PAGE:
Ag Policy Blog
American Farm Bureau Urges House Members to Oppose Build Back Better Act
Citing inflationary concerns and indirect tax increases that could affect farmers, the American Farm Bureau Federation on Tuesday urged members of the House of Representatives to vote against the social-spending bill supported by President Joe Biden, the "Build Back Better Act."
The House of Representatives is expected to vote on the bill later this week. Its mix of social programs, climate initiatives and tax policy changes are projected to cost roughly $2 trillion over the next decade. The Congressional Budget Office is expected to provide some details before the end of the week on how the bill would impact the annual budget deficit and long-term national debt. Republicans are unified in their opposition to the Build Back Better Act, but House passage will depend on how moderate Democrats are swayed.
Farm Bureau said the bill would hurt rural America.
Zippy Duvall, president of AFBF, stated in the letter that the Build Back Better Act "raises taxes and spends more taxpayer money at a time our country can afford to do neither."
Duvall stated inflation is increasing costs around the country "and greatly increased federal spending is a contributing factor. Federal policy choices have raised energy prices, leading to higher costs for everything from food to used cars. And yet this legislation will further exasperate that pain through a methane tax on oil and gas."
Farm Bureau's letter pointed to the 6.2% increase in inflation this year, citing that the Consumer Price Index is at a 31-year high.
"Inflation is a hefty tax on every American's paycheck."
Farm Bureau also pointed to provisions in the bill that would increase fines and penalties as much as ten times for violations of the Occupational Safety and Health Act, the Fair Labor Standards Act, and Migrant and Seasonal Agricultural Worker Protection Act.
Agricultural provisions in the Build Back Better Act include $87.4 billion in total spending over the next decade, including $28 billion for conservation programs; $27 billion for forestry; $18 billion for rural development; $12 billion for farmer debt relief; and $2 billion for agricultural research.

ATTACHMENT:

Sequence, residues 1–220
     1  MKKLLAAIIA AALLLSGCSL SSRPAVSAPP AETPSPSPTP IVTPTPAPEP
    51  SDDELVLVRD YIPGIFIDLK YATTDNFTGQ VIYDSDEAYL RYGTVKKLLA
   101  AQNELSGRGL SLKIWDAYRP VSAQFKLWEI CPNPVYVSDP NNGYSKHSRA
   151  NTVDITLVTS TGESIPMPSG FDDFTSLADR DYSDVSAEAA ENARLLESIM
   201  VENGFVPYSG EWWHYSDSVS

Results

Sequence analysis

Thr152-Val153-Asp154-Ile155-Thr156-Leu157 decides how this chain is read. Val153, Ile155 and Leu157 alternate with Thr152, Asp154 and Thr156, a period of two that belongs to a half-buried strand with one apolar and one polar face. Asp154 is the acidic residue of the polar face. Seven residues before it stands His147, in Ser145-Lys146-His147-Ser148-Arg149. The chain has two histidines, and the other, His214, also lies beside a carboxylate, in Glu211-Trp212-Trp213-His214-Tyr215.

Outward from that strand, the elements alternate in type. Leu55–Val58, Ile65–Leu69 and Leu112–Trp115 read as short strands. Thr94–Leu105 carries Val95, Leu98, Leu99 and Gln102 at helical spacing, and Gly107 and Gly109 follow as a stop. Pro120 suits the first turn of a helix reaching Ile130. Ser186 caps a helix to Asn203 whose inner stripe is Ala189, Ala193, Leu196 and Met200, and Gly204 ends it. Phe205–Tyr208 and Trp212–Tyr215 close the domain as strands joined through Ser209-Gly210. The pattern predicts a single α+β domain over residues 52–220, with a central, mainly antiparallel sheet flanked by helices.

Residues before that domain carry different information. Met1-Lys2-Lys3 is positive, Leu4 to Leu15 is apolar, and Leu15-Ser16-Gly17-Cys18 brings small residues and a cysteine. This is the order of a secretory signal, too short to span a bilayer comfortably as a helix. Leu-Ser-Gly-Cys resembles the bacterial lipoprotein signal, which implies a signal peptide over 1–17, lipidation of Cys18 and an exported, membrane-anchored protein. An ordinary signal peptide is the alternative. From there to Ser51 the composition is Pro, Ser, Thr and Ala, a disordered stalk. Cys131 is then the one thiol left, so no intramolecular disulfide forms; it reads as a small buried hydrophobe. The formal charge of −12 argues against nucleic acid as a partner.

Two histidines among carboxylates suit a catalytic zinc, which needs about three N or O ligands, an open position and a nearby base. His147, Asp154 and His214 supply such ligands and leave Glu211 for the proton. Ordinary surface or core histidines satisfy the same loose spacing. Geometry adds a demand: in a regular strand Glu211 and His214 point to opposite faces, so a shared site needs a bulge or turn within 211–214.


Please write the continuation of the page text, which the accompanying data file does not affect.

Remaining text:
The bill also includes $960 million in biofuel grants, as well as funding for sustainable fuels and a new tax credit for those programs.
A White House released fact sheet on rural communities champions the "landmark new program," the Rural Partnership Program, which will provide $970 million for states and tribes to use for competitive rural economic grant programs.
On taxes, the bill changes the current 21% rate, and provides a tax cut to 18% for corporations with taxable income below $400,000. The tax is increased to 26.5% for corporations with incomes higher than $5 million. The bill also sets a minimum 15% corporate tax for companies that zero out their tax liability.
The bill also boosts the valuation benefit for farmland in estates under a provision known as Section 2032 A. The bill would raise the deduction levels of farm ground under the provision from $750,000 to $11.7 million.
Farm Bureau's letter added, "While some elements of the reconciliation package would benefit agriculture, the massive amount of spending and tax increases required to pay for the plan outweigh the gains we would see in rural America. Also, the manner in which they were crafted is concerning. The agriculture industry and the committees of jurisdiction have held to a long tradition of bipartisanship that we have seen erode over this past year. We hope this does not negatively impact future farm policy discussions.
Farm Bureau's full letter can be viewed at
Robert Bonnie Confirmed by Senate
The Senate on Tuesday voted to confirm Robert Bonnie as the Agriculture undersecretary for food production and conservation.
The vote was 76 to 19.
Bonnie, who has served as Agriculture Secretary Tom Vilsack's deputy chief of staff and senior climate adviser, is expected to play a key role in USDA's climate initiatives. Bonnie also served as Agriculture undersecretary for natural resources and environment in the Obama administration. In his work, Bonnie has written reports on climate change that included proposing the use of the Commodity Credit Corporation, USDA's line of credit at the Treasury, to address climate change problems.
"Democratic and Republican members alike praise Mr. Bonnie's extensive credentials and commitment to tackling the climate crisis and boosting farm income at the same time. He is well qualified for this position and will help carry out USDA's important mission," Senate Agriculture Committee Chairwoman Debbie Stabenow, D-Mich., said in a news release. "I am glad my colleagues and I came together on a bipartisan basis to confirm Mr. Bonnie."
"Robert Bonnie is no stranger to USDA, having previously served at the department during the Obama administration. During his previous tenure, Mr. Bonnie developed a reputation of listening to stakeholders, an approach I expect will continue as he is sworn in as undersecretary for farm production and conservation. I appreciate and support his commitment to advancing voluntary and incentive-based climate programs that stay within the bounds of existing law. I am committed to working with him to ensure the agencies he oversees make producer-driven decisions that help our farmers, ranchers and private landowners succeed," Sen. John Boozman, R-Ark., Senate Agriculture ranking member, said.
--DTN Political Correspondent Jerry Hagstrom
Chris Clayton can be reached at Chris.Clayton@dtn.com
Follow him on Twitter @ChrisClaytonDTN
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